Saturday, December 24, 2016

2016 Show Season Part 3

Sorry, bit of a delay between posts. Tends to happen when it's the end of the year and the house is full of pups. I'm sitting here in lounge at Arlanda airport in Stockholm and have a few minutes so here goes.

After a harsh showing at the Kanto regional, there was still a week before the grand national. A bum knee and heaps of things to do cannot stop the process. After busting the knee I had to find a way to exercise Masa without it. I had a friend of mine take him walking through the mountains a few times while I, shotgun in hand, would lurk around the bottom of the ridges in case the boar came down or there were other problems. However, there's only so many times you can get your friend to hike the same mountain per week, so plan B. I trained Masa to follow or lead the car on command.

It goes like this... I'd drive up into the mountains with him, GPS him up, and let him out. Then I'd start driving. I'd call him forward in front of the car and let him full on fly. He got the idea really quickly and loved tearing along at full speed. That's what you need to build some good muscle, full on sprints. If he picked up boar scent, he'd perk up and be off into the mountain for a good run while I pulled over and watched on the GPS. He'd come back after a bit, and we were off again. It takes me around 2 hours to walk and care for all my dogs in the morn, and 2 hours again at night, so this would happen either in the afternoon before the night walk, or more often in the dark after the 2 hour dogathon.

The flip side of all this exercise is that it definitely increases a dog's appetite, and Masa's condition finally started picking up. By the time the weekend of the Grand National closed in, he was finally starting to bulk, and around 30 percent in coat. He's in much better condition now haha. Anyway, there were times through the process where I was quite frustrated. Masa's got his flaws, so the only thing I felt I could do to compete with the other males at a national level was to have him in near perfect condition. There were a couple males that I knew would be in the same class, and one in particular that I was sure we would not be beating. As it was, we did not beat this male, but Masa came in right behind him.

The NIPPO Grand National is split into two days. One day for the 'kogata' (small type or Shiba) and the other for the rest of the breeds. The best in show competition is on the second day after all the best of breeds have been decided. This year the shiba had Sunday, so the rest of the breeds had Saturday, which turned out to be a downpour. I left the house early Friday morning to help with picking up judges and setting up the show ground. By evening a contingent of Shikoku breeders from Shikoku had arrived, and we all set up camp together to spend the night with our dogs (a tradition). Long story short, Mark arrived, I made up a wicked boar stew, we bbq'd some fantastic ezo-shika venison, and got wickedly smashed drinking beer and some crazy sake brought up from Shikoku. The conversation continued long into the night, and after a few hours of sleep, we woke to the sounds of people arriving from all over the country pulling into the show ground.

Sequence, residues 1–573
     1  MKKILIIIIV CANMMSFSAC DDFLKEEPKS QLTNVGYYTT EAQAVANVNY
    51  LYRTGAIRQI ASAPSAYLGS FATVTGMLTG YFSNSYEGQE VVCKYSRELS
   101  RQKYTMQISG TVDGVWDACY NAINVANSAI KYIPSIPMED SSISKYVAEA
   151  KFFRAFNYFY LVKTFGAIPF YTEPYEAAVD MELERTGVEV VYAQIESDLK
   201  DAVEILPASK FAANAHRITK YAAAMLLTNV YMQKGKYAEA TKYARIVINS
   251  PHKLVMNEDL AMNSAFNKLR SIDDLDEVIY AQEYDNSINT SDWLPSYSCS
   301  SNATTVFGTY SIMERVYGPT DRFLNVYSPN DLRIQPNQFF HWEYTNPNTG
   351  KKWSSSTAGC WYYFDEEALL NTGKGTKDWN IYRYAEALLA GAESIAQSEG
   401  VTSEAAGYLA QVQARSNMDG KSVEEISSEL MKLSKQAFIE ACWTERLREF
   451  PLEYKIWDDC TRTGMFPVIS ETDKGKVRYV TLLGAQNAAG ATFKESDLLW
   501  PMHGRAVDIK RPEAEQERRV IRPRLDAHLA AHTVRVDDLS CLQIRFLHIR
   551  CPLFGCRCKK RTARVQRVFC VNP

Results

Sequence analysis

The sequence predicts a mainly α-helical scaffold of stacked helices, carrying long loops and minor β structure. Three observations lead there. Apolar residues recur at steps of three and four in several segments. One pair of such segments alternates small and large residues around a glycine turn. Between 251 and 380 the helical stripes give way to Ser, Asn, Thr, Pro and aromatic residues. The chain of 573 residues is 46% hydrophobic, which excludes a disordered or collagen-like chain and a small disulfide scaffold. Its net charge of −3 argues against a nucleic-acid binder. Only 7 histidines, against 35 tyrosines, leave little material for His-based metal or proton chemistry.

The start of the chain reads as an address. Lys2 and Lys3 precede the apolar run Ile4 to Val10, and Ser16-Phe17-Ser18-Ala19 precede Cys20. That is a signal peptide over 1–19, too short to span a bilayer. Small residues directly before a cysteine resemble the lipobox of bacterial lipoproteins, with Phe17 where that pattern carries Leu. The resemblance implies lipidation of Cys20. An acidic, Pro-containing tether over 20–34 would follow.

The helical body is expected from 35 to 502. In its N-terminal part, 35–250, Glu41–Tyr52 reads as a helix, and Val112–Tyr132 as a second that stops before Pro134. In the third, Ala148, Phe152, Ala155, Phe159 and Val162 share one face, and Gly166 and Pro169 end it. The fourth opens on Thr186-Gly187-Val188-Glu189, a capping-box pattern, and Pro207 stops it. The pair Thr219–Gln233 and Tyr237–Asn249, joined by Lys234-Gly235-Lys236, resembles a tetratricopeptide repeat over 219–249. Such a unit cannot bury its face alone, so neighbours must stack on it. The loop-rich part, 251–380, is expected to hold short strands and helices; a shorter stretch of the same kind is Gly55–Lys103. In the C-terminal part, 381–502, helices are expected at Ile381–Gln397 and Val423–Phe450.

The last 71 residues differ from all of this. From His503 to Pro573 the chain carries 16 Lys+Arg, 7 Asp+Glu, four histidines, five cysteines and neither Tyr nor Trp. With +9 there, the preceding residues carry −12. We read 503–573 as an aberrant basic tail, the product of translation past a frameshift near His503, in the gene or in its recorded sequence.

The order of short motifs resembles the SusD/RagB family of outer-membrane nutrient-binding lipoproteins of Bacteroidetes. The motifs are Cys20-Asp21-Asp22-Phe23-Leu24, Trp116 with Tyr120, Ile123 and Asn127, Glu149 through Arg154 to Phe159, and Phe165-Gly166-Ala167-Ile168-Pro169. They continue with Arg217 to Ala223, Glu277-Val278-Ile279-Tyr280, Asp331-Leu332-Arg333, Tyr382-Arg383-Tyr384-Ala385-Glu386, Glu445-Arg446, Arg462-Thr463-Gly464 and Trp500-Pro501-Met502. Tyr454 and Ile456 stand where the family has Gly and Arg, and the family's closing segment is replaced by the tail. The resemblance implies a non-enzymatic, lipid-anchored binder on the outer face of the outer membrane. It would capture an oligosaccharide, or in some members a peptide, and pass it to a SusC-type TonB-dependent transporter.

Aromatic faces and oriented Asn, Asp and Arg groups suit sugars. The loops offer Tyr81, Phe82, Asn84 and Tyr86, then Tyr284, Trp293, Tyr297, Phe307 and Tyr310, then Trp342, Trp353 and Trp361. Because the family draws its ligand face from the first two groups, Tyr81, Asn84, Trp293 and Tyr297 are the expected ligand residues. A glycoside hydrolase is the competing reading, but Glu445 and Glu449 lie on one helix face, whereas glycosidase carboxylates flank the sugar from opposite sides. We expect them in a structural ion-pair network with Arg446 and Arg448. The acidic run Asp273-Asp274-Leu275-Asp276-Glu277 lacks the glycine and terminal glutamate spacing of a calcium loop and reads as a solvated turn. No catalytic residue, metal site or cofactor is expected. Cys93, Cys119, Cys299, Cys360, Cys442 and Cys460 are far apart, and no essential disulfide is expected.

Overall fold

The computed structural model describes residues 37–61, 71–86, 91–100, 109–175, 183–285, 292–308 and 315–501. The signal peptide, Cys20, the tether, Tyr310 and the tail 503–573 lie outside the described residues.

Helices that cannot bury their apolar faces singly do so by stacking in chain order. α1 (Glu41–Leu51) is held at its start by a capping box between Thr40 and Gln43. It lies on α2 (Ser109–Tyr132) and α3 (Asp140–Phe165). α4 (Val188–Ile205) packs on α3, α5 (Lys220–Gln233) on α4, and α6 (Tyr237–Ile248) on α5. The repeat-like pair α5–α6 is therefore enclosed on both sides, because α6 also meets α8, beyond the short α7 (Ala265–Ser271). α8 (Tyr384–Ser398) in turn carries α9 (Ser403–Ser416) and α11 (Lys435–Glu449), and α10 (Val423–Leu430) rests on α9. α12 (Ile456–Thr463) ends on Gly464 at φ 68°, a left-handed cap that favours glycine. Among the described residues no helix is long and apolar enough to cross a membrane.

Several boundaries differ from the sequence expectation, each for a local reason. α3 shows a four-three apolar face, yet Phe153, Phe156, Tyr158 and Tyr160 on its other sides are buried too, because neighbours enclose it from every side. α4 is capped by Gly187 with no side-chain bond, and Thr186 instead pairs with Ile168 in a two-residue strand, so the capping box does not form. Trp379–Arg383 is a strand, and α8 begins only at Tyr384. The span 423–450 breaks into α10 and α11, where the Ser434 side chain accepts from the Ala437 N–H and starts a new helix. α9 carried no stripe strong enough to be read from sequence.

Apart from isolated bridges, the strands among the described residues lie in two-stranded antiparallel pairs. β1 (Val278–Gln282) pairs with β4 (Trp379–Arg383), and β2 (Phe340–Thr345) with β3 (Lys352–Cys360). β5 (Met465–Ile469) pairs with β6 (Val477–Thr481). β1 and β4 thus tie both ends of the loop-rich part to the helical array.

It was cold, windy, and pouring rain. Mark proceeded to expel the contents of his stomach into the bushes behind the car. I wasn't too hot myself, but in a bit better condition. We walked the dogs, cleaned up, and started prepping. Standing in the doorway of our tent, I told Mark that you never really know what could happen at a show in rain like this. My dogs are used to being out in all weather, rain or shine, so think nothing of a little storm. Obviously some dogs/people will be bothered by the rain, and biggest point of all, the dampness would help Masa's coat look fuller.

I had one more job to do before going into the ring. To open the national, every year one entrant gets up in front of everyone to make a pledge to respect the judge's decisions and to exhibit fair play. This year I was given the honor, but I had a great time somewhat nervously belting out the pledge in front of the main tent and our current chairman Mr.Kamei.

As with the previous week, I decided to have Mark handle Masa. A part of me wanted to handle him myself after all the work I'd put in, but there was no way he'd be able to handle Cho. So off we went for the morning's first round of judging. We were in the wakainu 1 and wakainu 2 rings which were right next to each other. Cho did quite well in the morning, and Masa did okay. The morning's judging is where the judge checks each dog 1 by 1 and looks at structure/movement etc. The rain was by parts pouring and drizzling.